- 1 Do You Have to Disclose Offshore Assets to IRS
- 2 Offshore Asset Tax Filing Requirements
- 3 Reporting Requirements for Offshore Assets
- 4 How to Get into Offshore Compliance (Safely)
- 5 Can I Just Start Reporting Offshore Assets This Year Instead?
- 6 Our International Tax Lawyers Represent Clients Worldwide
Do You Have to Disclose Offshore Assets to IRS
Do You Have to Disclose Offshore Assets to the IRS: For the past several years, the Internal Revenue Service has strictly enforced international tax and reporting filing requirements. Not all offshore assets are reported the same; the nature and extent of the reporting is dependent on the specific type of asset and the total value of each asset category. It is important that Taxpayers are able determine what type of foreign tax and reporting requirements are necessary for them to stay (or get into) compliance with the international information reporting rules. There are many different IRS foreign tax forms that a US Person may have to file when they have foreign assets. When it comes to offshore assets in particular, there are two main issues that a US taxpayer has to contend with: the tax aspect and the reporting requirements. Let’s take a brief look at the offshore asset tax filing requirements in 2021.
Offshore Asset Tax Filing Requirements
From a baseline perspective, the US government taxes US Person individuals on their worldwide income. That means that a US person is taxed on income that is generated within the United States — as well as income that is earned from overseas. The US tax requirements are much different than the tax rules of foreign countries — which tend to follow a residence and not citizenship-based requirement (noting: citizenship actually refers to us persons and not just US citizens). Thus, when an offshore asset generates income such as foreign interest, dividends, capital gain, rental income — or any other type of foreign income — it is generally going to be taxable by the US Government and included on the US tax return.
It is important to note that there are some highly complex tax rules involving foreign income that is generated from foreign entities (see below). Moreover, the offshore asset tax filing rules are further complicated by the PFIC rules, which impacts certain types of income generated from various Passive Foreign Investment Companies.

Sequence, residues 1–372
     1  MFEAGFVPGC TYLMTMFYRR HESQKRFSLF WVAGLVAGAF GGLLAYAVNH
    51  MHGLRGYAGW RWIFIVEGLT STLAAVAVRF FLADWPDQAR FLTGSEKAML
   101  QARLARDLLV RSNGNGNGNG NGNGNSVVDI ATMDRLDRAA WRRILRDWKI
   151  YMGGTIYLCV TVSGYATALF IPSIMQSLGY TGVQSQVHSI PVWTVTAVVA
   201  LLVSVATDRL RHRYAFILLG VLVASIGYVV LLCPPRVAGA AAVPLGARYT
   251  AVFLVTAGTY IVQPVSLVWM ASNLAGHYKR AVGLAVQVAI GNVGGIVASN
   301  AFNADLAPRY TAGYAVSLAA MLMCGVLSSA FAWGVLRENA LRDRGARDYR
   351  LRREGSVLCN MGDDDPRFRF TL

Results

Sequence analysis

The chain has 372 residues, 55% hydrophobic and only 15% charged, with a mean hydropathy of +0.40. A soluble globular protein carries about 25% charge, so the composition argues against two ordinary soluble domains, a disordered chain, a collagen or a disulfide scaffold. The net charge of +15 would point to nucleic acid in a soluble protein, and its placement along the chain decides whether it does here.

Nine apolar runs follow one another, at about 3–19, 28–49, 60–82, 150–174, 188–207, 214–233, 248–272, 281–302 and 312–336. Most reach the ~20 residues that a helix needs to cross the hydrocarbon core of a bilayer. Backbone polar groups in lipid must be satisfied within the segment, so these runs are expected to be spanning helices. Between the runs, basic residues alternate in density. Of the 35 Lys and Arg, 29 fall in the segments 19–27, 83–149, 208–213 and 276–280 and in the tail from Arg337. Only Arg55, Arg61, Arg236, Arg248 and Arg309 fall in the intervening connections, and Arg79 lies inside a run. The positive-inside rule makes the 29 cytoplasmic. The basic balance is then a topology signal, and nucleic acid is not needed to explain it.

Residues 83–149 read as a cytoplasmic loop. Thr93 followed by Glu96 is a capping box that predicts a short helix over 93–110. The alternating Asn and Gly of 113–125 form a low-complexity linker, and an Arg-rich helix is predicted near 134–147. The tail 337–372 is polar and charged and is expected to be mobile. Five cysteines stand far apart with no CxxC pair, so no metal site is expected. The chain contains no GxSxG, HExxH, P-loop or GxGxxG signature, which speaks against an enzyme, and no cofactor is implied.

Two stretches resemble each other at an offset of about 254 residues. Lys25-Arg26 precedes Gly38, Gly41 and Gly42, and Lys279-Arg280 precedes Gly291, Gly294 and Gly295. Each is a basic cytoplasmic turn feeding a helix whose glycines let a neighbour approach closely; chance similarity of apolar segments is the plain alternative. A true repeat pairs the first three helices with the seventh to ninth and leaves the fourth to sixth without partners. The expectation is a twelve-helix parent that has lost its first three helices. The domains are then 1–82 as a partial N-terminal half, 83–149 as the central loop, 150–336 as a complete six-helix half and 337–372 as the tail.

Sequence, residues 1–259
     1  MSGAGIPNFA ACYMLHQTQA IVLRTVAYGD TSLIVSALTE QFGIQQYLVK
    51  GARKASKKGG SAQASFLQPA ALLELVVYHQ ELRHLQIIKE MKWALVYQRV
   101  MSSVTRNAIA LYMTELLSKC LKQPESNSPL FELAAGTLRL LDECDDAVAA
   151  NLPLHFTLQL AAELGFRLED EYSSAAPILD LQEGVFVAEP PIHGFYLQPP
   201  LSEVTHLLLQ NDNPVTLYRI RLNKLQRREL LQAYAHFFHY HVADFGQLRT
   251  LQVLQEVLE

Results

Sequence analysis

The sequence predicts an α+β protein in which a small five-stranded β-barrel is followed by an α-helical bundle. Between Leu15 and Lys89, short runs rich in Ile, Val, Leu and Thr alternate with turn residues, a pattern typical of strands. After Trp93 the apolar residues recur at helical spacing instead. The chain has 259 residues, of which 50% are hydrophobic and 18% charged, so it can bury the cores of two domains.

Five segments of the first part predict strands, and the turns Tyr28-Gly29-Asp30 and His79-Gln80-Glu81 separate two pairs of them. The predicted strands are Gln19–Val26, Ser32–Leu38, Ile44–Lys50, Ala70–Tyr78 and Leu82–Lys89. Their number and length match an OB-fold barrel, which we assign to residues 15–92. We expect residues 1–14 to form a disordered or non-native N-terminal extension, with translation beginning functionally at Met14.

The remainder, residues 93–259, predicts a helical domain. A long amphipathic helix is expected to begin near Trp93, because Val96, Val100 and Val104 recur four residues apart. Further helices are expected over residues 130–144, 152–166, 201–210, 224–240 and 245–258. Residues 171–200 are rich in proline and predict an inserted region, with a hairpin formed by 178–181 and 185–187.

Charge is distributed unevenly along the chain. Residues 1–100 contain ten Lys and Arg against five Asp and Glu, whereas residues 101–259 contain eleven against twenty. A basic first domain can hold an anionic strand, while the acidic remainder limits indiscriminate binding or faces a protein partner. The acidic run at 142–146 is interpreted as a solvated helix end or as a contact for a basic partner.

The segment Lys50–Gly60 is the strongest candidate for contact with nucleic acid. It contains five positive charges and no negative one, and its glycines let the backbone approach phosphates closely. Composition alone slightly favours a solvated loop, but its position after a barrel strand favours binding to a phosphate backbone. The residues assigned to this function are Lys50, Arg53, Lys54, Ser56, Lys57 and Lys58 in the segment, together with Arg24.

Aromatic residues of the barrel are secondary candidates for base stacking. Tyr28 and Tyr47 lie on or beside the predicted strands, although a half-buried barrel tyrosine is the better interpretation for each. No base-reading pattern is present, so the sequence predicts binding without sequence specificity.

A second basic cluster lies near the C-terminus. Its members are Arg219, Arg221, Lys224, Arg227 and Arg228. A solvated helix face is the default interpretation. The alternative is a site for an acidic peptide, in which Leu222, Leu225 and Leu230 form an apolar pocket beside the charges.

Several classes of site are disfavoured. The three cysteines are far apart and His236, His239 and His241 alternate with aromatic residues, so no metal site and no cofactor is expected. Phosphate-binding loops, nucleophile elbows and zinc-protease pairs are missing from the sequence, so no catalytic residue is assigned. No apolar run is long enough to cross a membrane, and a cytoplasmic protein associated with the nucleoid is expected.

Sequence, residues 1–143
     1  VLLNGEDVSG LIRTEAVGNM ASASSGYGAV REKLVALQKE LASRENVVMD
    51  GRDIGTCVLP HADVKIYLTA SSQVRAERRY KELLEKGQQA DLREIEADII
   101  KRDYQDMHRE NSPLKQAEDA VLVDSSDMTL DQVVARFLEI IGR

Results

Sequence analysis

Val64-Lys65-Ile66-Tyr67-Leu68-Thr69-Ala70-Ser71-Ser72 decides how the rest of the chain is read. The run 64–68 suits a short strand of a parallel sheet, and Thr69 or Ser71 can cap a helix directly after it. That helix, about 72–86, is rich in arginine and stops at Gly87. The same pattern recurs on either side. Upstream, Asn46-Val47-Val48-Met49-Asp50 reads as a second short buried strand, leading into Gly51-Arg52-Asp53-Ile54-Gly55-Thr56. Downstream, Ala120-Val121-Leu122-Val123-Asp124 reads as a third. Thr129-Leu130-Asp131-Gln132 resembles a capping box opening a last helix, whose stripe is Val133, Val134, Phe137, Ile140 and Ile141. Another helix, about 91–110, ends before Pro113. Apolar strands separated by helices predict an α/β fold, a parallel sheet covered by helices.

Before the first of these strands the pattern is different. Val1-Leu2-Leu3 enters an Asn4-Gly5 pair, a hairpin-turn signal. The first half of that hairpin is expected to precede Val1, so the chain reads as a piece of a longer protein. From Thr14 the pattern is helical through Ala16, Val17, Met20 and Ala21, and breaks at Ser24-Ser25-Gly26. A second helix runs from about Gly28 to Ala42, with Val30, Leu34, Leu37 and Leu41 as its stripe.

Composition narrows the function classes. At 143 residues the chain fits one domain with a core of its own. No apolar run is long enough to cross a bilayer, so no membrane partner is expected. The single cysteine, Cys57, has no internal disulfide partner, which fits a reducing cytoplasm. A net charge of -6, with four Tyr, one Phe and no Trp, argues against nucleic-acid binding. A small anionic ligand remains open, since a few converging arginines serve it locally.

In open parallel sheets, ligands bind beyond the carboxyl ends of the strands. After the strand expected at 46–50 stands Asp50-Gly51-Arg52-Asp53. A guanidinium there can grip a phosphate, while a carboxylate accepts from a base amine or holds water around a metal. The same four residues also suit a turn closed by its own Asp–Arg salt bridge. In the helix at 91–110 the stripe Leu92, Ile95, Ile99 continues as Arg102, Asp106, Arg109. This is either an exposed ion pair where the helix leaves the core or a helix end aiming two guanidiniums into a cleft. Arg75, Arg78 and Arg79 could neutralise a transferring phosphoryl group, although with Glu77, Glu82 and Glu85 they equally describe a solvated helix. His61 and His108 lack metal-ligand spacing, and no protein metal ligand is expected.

Reporting Requirements for Offshore Assets
In addition to the offshore asset tax filing rules are the IRS reporting requirements. The reporting requirements can also be extremely complicated. This because oftentimes the international reporting forms that a Taxpayer is required to file can be very complex in comparison to the Taxpayer’s knowledge of the overseas asset. For example, the Form 8938 — which is used to report Specified Foreign Financial Assets — is typically not overly difficult to prepare — while the Form 5471 (which is used to report foreign corporations) can being incredibly complex. And, this complexity is heightened when it is a Controlled Foreign Corporation (CFC) — and issues such as Subpart F income, Section 962 Elections and GILTI come into play.
How to Get into Offshore Compliance (Safely)
The Offshore Amnesty Programs are programs developed by the Internal Revenue Service to assist Taxpayers who are already out of compliance for non-reporting.
Some of the more common programs, include:
Can I Just Start Reporting Offshore Assets This Year Instead?
If you had a prior year tax or reporting requirement, but only begin to start filing in the current year (Filing Forward) it is illegal. In the world of offshore disclosure, this is referred to as a Quiet Disclosure. The IRS has warned taxpayers that if they get caught in a Quiet Disclosure situation, it may lead to willful penalties and even a criminal investigation by the IRS Special Agents.
Our International Tax Lawyers Represent Clients Worldwide
Golding & Golding specializes exclusively in international tax, and specifically IRS offshore disclosure and Offshore Asset Tax Filing and Reporting.
Contact our firm today for assistance.